Thing with the radii is, if damaged or absent they can't be put back, the structural integrity has gone for ever and all you've got is a doorstop. Good engineering firms will refuse to work on anything with damaged radii, as it's the first thing they'll look at. But there be others, reputable and no doubt good at most of what they do, who don't always appreciate how marginal some of these older designs are, and how susceptible to breakage.

I have been the unproud possesssor of a few doorstops  after buying bits unseen, or assembled and uncheckable on the spot  . . . . . .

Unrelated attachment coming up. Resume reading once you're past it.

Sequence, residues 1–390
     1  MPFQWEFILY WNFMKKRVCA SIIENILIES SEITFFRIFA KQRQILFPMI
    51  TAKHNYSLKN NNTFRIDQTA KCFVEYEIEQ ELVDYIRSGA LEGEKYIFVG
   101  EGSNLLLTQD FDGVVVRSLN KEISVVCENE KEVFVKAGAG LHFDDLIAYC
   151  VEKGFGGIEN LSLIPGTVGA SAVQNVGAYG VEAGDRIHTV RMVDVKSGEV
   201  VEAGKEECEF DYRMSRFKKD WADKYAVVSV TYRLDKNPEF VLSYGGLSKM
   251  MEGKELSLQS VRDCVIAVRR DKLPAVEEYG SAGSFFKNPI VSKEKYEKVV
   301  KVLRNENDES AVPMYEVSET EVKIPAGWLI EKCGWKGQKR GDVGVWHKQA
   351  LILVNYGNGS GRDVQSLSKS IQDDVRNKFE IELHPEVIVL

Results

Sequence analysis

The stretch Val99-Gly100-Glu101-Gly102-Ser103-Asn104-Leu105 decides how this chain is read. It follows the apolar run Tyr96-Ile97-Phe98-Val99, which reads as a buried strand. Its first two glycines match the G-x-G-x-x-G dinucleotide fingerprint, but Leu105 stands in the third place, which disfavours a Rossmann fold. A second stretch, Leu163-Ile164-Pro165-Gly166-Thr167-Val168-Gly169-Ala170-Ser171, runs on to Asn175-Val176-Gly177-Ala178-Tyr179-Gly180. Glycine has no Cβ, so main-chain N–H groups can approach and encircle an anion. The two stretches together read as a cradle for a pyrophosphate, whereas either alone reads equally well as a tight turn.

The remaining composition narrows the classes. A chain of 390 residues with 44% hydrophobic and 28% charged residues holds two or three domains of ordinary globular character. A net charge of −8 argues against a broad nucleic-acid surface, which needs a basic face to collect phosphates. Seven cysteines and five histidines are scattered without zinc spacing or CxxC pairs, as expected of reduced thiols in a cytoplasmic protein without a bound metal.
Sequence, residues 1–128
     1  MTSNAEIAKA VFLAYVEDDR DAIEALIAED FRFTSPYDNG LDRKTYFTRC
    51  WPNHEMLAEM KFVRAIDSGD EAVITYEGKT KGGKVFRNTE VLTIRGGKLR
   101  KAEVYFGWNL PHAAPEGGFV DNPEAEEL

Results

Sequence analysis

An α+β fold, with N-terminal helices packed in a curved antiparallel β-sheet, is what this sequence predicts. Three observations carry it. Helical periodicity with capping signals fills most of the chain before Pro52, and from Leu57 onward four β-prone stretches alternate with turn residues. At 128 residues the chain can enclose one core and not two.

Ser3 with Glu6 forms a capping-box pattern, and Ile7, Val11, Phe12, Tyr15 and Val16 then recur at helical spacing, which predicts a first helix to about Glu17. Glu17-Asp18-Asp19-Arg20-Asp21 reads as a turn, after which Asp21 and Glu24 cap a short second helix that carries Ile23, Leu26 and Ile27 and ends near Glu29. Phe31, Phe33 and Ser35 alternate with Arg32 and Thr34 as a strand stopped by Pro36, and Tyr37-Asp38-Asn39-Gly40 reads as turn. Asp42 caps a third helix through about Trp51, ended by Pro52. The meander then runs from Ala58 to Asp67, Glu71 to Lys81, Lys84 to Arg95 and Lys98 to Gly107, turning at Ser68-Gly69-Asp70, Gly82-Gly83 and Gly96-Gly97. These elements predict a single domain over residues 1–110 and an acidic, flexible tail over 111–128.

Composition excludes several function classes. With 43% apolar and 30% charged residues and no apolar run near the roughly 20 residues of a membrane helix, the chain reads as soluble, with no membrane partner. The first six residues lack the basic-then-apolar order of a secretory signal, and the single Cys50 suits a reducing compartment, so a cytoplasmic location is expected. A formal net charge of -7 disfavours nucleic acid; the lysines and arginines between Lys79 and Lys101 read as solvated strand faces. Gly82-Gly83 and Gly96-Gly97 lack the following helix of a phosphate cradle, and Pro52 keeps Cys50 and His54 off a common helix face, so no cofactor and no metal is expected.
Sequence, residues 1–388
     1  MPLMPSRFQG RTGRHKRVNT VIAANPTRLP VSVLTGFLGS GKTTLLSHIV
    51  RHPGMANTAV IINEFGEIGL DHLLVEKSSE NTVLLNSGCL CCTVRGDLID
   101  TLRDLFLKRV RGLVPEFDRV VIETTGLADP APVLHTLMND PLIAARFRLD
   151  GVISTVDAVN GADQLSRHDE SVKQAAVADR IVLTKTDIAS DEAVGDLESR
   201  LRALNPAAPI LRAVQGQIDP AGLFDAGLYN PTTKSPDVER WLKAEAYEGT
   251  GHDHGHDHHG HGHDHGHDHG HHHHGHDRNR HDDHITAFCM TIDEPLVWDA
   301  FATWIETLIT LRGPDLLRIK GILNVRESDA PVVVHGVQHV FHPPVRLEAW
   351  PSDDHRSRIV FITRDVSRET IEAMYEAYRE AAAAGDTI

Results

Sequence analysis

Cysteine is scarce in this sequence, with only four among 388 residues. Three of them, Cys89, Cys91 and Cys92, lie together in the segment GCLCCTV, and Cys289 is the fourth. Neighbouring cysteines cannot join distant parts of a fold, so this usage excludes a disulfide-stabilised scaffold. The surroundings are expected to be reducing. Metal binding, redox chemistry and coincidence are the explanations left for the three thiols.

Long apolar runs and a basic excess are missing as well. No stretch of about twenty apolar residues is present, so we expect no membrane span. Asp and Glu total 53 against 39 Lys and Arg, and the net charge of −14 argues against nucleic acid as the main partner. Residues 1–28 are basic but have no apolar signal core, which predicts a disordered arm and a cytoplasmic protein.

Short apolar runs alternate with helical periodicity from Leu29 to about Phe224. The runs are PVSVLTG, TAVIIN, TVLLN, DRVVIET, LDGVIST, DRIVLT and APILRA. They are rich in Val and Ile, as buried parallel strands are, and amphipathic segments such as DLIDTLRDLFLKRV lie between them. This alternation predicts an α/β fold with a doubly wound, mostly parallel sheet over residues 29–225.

Bill

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Re: A7 1958 crankshaft regrind info needed.
« Reply #13 on: 15.11. 2020 17:26 »
When Austin introduced the better-supported three bearing crank on the late '7' in the 1930s . . . they broke alarmingly frequently compared to the bit of bent wire that passed for the 2 bearing item!
My 1929 Austin 7 had the two bearing crank with 1 1/8" big end journals. Oil, (at 2 pounds per square inch when hot) was squirted from a couple of nozzles aimed at cups on the crank webs. When those engines were tuned for racing the cars achieved >100 mph. Apparently the middle two pistons might hit the cylinder head when the crank whipped at high revs.

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Re: A7 1958 crankshaft regrind info needed.
« Reply #14 on: 15.11. 2020 17:42 »
The vibration from those 2 brg cranks was horrendous.